Bluesky Welcomes Heads Of State To Its Platform

Shortly after opening up to the public, decentralized social networking service Bluesky is lifting a year-long rule banning heads of state from joining the platform. The decision comes ahead of major political elections in countries across the world.

“By the way…we lifted our 'no heads of state' policy,” the company posted late last week.

Bluesky implemented the policy a year prior when it existed as an invite-only platform, working to build out its unique protocol and compete with social messaging apps like X, Threads and Mastodon.

"We appreciate everyone’s enthusiasm in sending invitations, but our current policy is that we cannot accommodate heads of state to join us in our beta yet," the company originally stated. “This applies to recent/prominent heads of state as well.”

Since going public in early February, Bluesky has hired a head of Trust and Safety and updated its moderation policies, attempting to make the app a safer place while allowing its users to run and host their own servers on the platform’s network.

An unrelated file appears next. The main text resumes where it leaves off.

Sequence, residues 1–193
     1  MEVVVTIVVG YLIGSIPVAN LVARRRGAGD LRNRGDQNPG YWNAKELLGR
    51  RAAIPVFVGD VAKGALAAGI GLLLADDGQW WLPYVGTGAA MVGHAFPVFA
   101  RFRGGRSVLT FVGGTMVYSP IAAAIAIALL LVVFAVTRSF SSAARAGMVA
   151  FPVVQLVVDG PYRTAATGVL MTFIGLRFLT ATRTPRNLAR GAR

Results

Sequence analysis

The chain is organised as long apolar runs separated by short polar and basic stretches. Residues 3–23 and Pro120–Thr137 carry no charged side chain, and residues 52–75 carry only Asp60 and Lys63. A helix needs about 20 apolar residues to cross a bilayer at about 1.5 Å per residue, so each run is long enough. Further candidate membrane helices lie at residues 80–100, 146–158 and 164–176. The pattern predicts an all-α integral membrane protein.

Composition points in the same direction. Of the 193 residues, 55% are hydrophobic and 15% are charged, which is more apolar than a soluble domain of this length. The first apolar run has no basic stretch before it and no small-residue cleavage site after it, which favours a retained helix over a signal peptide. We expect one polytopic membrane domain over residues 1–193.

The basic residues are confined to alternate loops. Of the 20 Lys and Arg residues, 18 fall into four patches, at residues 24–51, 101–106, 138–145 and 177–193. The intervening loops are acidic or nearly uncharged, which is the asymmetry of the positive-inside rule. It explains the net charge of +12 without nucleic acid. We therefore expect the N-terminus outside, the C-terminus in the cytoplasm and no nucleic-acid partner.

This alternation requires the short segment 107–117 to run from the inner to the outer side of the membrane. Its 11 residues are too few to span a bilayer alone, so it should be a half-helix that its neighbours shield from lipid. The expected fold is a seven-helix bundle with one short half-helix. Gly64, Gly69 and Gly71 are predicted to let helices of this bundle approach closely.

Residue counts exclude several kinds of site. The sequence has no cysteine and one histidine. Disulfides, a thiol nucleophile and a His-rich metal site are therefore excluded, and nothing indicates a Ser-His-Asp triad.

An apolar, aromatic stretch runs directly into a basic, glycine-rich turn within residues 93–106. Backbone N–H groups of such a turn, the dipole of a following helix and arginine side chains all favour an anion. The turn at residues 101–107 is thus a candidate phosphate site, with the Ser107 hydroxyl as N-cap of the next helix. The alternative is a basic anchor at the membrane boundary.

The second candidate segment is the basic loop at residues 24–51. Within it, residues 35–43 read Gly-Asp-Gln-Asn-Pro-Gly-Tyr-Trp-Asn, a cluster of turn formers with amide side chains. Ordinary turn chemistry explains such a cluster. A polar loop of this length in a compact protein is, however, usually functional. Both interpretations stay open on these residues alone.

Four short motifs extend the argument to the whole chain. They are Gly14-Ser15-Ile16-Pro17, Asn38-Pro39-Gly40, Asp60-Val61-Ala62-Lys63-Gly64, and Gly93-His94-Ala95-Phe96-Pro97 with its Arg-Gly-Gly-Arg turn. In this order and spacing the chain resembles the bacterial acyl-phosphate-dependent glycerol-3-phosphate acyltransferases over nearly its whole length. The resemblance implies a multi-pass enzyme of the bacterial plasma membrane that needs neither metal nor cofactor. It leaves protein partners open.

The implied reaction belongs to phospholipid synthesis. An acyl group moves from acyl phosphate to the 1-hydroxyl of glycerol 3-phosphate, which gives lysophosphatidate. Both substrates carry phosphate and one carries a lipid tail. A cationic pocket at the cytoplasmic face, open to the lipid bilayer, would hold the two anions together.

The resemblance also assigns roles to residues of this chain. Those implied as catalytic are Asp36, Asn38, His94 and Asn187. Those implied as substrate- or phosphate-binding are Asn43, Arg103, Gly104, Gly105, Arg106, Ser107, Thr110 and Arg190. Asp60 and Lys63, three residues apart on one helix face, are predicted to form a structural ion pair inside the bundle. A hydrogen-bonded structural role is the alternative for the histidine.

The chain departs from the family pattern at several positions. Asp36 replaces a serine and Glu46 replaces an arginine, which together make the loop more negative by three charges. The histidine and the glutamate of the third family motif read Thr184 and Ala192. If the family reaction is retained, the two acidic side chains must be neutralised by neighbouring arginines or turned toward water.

This concept is referred to as federation and allows Bluesky users to not only host their own account and data, but to create their own rules and guidelines surrounding membership and content moderation, with the ability to “hide,” “warn,” or “show” certain categories of content like violence, spam, nudity, etc. Last month, Bluesky announced Ozone, a tool that allows users to build their own moderation and labeling services.

Unlike non-decentralized social networks, like X, Bluesky doesn’t use a central algorithm to suggest content to users, who must instead choose to subscribe to different feeds.

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